A complete set of lessons comprised nine, three for each of the three days. However, the three lessons recorded here are not part of a complete set. The Leçons H 120-122 are the first lessons for each of the three days. In his liner-notes Alexis Kossenko mentions a number of passages which show the close connection between text and music. Charpentier makes use of various devices to express the text, such as musical figures, harmony - including harsh dissonances and chromaticism - as well as silences. The three settings include several striking examples of the latter. The instruments provide not mere accompaniment but contribute to the expression. Every lesson begins with a short instrumental prelude.
About half of this disc is filled with instrumental music. This represents the most underexposed part of Charpentier's oeuvre. Each such piece is classified as "sacred instrumental" in the catalogue. They were used either as introduction to parts of the liturgy or replaced them. They shed light on the composer's creativity in instrumental scoring, for example in the juxtaposition of violins and recorders in the Symphony in g minor or the split of the ensemble in two 'choirs' (Offerte pour l'orgue, H 514). In some pieces Charpentier imitates the practice in vocal music of opposing a petit choeur and a grand choeur, such as in the two Ouvertures pour le sacre d'un Evesque (H 536 and 537). There is some confusion about which instrument Charpentier meant with flûte. It seems that he usually had the recorder in mind, but in some pieces the range of the flûte parts seems to indicate that a transverse flute was intended. In this recording the most practical solution has been taken. It is also worth noticing that the string body is divided into the parts which were common in 17th-century France: dessus de violon, haute-contre de violon,taille de violon and basse de violon. Apparently Charpentier's instrumental pieces lack a part for the quinte de violon.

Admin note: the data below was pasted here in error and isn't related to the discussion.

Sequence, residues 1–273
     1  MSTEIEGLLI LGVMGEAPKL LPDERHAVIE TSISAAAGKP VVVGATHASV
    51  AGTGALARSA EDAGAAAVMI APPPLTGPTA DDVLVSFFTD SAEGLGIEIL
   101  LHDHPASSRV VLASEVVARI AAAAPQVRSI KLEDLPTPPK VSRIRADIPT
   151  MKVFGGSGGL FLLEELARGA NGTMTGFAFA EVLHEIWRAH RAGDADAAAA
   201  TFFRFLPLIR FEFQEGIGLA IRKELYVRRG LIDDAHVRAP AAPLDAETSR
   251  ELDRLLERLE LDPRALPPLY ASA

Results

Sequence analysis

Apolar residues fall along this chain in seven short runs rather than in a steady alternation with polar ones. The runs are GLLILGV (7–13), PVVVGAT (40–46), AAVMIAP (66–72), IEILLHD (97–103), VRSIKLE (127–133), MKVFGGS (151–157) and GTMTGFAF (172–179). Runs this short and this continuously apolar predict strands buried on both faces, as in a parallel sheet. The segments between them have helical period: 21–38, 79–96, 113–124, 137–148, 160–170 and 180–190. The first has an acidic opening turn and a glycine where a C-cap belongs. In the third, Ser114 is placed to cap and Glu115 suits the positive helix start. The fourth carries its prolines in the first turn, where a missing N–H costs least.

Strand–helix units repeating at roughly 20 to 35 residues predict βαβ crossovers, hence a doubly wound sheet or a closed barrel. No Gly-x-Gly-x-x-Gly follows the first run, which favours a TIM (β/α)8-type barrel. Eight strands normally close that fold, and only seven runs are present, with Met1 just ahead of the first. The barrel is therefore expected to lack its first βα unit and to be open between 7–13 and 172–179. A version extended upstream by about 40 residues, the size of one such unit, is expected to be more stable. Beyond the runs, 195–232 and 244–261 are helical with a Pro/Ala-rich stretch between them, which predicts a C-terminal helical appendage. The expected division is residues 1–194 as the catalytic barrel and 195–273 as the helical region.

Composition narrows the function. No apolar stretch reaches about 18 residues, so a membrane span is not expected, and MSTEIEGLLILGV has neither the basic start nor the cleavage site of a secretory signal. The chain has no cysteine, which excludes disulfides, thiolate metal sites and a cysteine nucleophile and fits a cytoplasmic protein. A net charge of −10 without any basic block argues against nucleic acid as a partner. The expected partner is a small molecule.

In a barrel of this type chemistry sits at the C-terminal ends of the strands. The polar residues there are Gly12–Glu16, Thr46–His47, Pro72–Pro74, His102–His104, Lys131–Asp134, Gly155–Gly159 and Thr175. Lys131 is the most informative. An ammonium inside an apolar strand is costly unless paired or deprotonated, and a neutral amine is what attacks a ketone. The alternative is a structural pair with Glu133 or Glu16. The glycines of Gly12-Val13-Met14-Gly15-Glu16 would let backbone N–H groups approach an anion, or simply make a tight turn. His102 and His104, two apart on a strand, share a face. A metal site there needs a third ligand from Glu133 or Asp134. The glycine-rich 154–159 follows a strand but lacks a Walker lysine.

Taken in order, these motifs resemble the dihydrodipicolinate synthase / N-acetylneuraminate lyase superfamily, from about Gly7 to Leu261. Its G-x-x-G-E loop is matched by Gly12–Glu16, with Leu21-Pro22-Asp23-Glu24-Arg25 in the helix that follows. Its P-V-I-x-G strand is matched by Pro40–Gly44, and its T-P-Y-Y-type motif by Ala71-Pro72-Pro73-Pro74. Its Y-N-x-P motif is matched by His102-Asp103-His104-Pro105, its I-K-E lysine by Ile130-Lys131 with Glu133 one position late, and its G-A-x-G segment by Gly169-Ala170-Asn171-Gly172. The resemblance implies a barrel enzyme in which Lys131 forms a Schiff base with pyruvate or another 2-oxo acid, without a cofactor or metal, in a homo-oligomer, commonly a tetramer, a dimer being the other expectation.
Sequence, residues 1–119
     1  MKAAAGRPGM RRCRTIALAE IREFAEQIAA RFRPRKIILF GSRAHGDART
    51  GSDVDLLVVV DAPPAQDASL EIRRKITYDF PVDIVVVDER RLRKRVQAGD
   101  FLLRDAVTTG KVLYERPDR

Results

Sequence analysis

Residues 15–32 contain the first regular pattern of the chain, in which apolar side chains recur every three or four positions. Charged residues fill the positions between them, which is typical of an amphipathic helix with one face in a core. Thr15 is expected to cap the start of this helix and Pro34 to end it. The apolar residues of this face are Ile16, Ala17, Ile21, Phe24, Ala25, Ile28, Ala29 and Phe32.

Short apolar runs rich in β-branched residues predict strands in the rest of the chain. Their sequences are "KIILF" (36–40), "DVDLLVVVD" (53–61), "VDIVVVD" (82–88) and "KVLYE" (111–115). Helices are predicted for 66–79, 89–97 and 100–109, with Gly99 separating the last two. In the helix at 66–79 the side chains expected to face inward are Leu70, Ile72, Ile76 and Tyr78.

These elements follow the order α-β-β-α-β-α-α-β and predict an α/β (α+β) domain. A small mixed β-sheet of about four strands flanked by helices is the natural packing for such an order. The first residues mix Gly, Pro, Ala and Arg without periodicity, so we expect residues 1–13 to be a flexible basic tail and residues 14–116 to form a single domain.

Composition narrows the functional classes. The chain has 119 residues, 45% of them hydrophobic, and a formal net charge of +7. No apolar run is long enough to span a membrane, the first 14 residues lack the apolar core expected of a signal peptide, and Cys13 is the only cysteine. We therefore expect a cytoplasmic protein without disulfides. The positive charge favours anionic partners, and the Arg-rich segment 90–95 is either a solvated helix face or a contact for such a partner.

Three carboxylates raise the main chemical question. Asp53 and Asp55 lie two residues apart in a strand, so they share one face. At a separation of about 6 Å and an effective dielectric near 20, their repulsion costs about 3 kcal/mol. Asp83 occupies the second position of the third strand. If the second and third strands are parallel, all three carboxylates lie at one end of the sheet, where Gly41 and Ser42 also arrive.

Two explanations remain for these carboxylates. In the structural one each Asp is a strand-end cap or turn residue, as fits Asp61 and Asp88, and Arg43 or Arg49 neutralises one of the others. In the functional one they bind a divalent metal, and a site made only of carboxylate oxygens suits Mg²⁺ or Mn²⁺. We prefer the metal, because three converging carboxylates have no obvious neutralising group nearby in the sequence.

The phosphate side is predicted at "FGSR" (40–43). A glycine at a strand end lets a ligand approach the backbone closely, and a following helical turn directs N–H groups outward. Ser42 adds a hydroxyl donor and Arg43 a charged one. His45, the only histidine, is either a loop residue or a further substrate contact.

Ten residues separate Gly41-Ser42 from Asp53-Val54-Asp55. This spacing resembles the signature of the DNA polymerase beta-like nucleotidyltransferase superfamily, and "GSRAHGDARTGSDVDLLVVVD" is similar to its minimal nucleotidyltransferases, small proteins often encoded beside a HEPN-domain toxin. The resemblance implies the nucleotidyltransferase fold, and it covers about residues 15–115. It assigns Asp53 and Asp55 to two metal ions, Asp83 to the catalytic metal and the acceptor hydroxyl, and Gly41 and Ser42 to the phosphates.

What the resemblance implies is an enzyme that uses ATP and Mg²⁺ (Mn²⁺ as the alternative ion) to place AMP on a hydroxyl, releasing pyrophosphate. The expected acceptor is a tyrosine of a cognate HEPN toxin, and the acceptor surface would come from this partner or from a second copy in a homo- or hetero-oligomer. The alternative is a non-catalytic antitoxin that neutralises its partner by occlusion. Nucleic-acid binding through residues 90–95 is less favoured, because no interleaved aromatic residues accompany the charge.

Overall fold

The programme alone makes this disc highly valuable. These Leçons de Ténèbres are largely unknown, and Charpentier's instrumental music is seldom played. They only serve to confirm that he was a brilliant composer who is often - and rightly so - mentioned in the same as greats such as Monteverdi, Bach and Purcell. It is interesting to note that Alexis Kossenko mentions the fact that Charpentier himself always wrote down the complete score, including the inner parts - unlike Lully, who had assistants to do that for him. He quotes Charpentier that "a chord is a chord only with its filling: it must be complete". It just shows how much attention he gave to the expressive facets of his compositions and how important harmony was to him. That is one of the reasons that his music never fails to compel. This disc includes a rather curious find: a piece for solo voice without instrumental accompaniment. If you didn’t know that Sancti Dei, a motet pour plusieurs martyrs was from Charpentier's pen, you would never have guessed it. You would probably not have placed it in the baroque era.
A programme as interesting and engaging as this deserves a perfect performance, and that is what it receives. I have never associated Stephan MacLeod with French music, but he does a very fine job. He sings with great sensitivity and understanding, both in regard to the expressive qualities of the music and its style. Arte dei Suonatori delivers colourful and refined performances of the instrumental parts. The Charpentier discography is quite extensive, but there is still much to discover in his oeuvre, as this disc proves. This is a highly valuable addition to the discography, and a disc to treasure.
Johan van Veen